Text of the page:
A known bomb-maker working for one of al Qaeda's most-feared factions is at the center of the latest shoe bomb warning. A federal official tells CNN, al Qaeda in the Arabian Peninsula's master bomb-maker Ibrahim al Asiri may be working on new ways of putting explosives in shoes and other containers. National Security Correspondent Jim Sciutto explains what this means for air passengers.
The top U.S. intelligence chief says al Qaeda has morphed into at least five factions in a dozen countries. Director of National Intelligence James Clapper also warned that one of the groups has set up training camps in Syria to plan attacks on the United States. Anderson discussed all of this with National Security Analyst Peter Bergen.
We are learning more about the intercepted al Qaeda messages that triggered the closure of 19 U.S. Embassies around the world, and a string of drone attacks. Intelligence sources tell CNN, American code breakers recognized words they believed signaled an attack was imminent. Anderson discussed this latest information with national security analysts Fran Townsend and Peter Bergen and former senior CIA and FBI official Philip Mudd.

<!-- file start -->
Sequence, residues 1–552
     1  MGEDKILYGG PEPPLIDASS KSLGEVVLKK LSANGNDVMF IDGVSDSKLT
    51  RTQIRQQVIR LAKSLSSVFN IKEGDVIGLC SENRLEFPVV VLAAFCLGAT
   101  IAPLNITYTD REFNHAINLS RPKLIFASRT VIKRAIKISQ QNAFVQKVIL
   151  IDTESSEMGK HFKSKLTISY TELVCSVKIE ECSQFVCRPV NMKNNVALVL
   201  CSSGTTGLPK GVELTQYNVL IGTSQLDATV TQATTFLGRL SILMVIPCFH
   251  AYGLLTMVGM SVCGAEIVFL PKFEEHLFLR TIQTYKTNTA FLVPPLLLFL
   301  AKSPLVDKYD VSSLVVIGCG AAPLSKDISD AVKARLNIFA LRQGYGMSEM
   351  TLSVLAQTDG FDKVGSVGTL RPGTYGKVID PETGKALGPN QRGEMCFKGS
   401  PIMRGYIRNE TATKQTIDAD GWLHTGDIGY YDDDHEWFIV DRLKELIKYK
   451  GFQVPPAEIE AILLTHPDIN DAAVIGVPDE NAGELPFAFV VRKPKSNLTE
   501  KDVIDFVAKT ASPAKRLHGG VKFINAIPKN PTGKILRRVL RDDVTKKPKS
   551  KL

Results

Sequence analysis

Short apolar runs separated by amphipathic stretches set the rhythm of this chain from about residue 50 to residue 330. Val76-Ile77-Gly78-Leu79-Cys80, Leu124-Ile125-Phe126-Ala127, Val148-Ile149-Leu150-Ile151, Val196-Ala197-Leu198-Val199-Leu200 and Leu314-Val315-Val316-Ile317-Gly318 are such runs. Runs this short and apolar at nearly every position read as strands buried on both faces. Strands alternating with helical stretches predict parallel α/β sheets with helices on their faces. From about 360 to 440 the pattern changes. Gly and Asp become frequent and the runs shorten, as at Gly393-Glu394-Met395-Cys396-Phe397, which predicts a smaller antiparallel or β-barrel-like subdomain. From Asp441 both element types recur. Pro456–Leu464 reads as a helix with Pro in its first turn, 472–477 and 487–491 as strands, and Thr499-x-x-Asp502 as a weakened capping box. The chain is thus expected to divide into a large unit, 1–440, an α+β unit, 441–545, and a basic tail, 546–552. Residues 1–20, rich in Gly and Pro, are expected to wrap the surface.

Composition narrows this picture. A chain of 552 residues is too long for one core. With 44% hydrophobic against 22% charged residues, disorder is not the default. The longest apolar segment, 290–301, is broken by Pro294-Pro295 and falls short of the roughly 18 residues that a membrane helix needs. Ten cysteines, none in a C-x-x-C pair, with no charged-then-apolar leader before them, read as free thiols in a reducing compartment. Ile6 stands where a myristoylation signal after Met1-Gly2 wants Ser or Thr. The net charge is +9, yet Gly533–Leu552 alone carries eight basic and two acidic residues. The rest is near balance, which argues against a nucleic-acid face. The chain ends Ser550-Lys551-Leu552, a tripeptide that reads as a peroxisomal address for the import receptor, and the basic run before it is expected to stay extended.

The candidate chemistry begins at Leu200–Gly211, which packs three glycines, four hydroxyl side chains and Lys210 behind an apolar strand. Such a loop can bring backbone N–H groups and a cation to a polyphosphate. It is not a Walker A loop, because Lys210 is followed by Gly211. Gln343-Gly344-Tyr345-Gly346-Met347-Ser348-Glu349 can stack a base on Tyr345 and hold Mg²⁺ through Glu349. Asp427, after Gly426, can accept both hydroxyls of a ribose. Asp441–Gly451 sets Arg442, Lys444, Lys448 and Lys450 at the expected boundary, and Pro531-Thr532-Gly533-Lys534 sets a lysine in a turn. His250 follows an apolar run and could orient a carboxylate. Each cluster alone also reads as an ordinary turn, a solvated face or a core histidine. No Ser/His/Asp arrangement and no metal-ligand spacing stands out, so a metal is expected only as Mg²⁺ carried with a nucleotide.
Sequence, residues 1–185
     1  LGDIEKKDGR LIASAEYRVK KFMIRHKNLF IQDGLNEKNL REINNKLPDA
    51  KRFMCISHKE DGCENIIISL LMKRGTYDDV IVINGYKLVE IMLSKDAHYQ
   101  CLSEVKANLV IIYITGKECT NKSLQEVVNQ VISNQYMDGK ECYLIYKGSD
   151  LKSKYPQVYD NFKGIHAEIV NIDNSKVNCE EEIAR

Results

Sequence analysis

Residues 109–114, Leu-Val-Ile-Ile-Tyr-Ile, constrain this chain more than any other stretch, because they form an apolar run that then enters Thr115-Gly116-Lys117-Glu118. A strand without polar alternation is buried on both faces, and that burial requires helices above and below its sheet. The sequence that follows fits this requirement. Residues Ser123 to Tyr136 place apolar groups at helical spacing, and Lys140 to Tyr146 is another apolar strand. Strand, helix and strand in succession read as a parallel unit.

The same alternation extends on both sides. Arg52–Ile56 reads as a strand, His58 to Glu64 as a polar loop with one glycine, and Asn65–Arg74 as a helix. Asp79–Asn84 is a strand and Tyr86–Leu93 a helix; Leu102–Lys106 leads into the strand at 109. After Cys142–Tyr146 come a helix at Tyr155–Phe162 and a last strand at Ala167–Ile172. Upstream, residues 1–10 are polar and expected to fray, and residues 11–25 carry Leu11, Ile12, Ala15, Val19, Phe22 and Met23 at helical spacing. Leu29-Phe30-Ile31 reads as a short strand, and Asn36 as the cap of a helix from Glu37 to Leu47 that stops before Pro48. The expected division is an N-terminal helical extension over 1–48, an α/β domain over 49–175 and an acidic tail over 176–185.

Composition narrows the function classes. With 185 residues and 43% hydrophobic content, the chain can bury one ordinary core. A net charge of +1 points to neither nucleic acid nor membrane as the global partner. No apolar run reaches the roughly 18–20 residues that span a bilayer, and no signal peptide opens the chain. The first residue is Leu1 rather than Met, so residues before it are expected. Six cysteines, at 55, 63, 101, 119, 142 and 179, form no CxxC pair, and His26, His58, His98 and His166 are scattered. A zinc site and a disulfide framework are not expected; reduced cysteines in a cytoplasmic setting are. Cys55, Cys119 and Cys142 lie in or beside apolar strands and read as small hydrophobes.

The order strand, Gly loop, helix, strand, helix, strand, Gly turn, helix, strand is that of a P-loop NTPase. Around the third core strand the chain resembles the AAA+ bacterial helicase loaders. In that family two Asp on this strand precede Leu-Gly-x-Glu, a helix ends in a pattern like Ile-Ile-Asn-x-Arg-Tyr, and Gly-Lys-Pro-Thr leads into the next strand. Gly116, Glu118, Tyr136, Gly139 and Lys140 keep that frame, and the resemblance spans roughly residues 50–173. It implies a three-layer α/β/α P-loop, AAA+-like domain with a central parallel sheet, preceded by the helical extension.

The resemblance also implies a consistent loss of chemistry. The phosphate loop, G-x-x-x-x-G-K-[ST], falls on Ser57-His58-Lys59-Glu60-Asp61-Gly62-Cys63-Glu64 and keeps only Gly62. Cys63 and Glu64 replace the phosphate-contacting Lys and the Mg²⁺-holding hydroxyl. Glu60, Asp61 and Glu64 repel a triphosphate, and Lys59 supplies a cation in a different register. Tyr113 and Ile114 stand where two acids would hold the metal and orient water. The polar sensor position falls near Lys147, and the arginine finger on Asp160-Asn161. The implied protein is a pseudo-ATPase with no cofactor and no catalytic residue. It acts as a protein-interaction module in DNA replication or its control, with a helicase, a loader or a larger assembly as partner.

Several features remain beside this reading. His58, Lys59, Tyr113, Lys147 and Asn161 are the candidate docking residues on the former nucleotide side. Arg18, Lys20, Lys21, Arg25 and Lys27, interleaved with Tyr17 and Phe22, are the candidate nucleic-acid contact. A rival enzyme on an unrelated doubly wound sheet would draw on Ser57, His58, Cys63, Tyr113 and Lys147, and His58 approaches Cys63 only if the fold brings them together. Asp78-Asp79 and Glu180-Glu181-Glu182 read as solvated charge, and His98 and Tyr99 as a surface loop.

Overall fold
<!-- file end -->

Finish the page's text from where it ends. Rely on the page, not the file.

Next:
We are learning more about what may have triggered the global terror alert that closed U.S. embassies around the world. According to The Daily Beast it is a "virtual meeting" with more than 20 of Al Qaeda's top leaders, and it was intercepted by U.S. Intelligence. According to the report, one American official compared it to "a meeting of the Legion of Doom." Anderson spoke with Daily Beast National Security Reporter Josh Rogin who helped break the story, and Former Homeland Security Advisor Fran Townsend.
CNN has learned that a message sent from Al Qaeda leader Ayman Al Zawahiri to an affiliate leader was the deciding factor that led to the closure of American embassies, and triggered a global travel alert. But that was not the only intelligence that has U.S. counter-terror officials concerned. Anderson gets the latest from Philip Mudd a senior official with the CIA and FBI, National security analyst Peter Bergen, and terrorism analyst Paul Cruikshank.
U.S. intelligence believes that assailants connected to al Qaeda in Iraq were among the core group that attacked the diplomatic mission in Benghazi, a U.S. government official told CNN.
Previously, intelligence officials said there were signs of connections to al Qaeda in the Islamic Maghreb, the North African wing of the terror group.
The revelation that members of al Qaeda in Iraq are suspected of involvement in the Libya attack comes at a time when there is a growing number of fighters from that group also taking part in the Syrian civil war.
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